Three-quarters of British children do not know how to boil an egg, new research shows.
Many youngsters have no idea how long they should leave an egg on the hob for, with a quarter believing it should remain in the saucepan for at least 10 minutes.A further 12 per cent of children admitted that they did not have a clue.The study also found that almost half of youngsters never or rarely help prepare evening meals, even though around a third of parents want them to take part.Experts said that it is important to encourage children to take part in cooking as it helps them improve their mathematical skills.The poll for the supermarket chain Morrisons said 37 per cent of children preferred watching television or surfing the internet to cooking.Two in five said they were too stressed about homework or too tired to help cook. It also revealed that a third of parents had learned to cook from their own mothers and fathers, and 80 per cent viewed culinary ability as an important skill. Study author Annabel Karmel said: "Today's parents just don't have the time or the patience to get the children involved in the kitchen. A third of parents admit it's easier to let their children watch television than to enlist their help with the evening meal.Cooking is a great way for children to learn about maths, measuring, and understanding time, so it's worth the effort. What's more it's a great way to get fussy eaters to try new foods." She added that by the age of six, children should be able to chop vegetables, grate cheese and boil an egg, and that by 13, youngsters should be cooking fish, chicken and meat and baking potatoes. By the age of 16 teenagers should have mastered risottos and pasta dishes.The study was based on responses from 1,000 children and 1,000 parents, who were polled online.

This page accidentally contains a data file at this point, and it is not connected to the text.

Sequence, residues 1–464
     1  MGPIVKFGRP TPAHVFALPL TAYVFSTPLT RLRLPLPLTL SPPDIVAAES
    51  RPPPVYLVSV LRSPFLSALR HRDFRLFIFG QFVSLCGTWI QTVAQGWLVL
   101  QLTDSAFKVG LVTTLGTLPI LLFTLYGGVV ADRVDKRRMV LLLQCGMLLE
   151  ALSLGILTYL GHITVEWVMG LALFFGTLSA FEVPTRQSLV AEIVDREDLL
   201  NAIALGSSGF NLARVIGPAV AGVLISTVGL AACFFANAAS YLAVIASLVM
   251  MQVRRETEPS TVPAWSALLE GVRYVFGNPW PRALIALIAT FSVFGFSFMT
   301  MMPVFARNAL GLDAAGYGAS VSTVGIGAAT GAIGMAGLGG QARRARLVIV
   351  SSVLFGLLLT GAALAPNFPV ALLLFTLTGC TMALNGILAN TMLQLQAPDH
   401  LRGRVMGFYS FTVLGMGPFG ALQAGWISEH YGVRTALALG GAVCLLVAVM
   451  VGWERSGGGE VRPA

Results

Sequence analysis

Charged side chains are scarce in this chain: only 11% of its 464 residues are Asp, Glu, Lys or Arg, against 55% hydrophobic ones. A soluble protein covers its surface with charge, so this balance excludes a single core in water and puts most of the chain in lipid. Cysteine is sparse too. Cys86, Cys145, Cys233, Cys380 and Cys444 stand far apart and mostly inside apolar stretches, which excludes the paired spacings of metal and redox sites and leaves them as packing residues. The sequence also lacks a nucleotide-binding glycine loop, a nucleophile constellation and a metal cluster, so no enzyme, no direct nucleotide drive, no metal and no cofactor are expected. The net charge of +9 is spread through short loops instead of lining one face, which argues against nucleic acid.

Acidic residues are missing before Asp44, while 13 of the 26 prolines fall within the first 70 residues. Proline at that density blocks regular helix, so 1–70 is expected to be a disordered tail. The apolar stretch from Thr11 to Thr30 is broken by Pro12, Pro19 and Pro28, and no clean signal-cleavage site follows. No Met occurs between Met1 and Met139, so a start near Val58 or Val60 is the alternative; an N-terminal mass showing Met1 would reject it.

Three-quarters of British children cannot boil an egg, study finds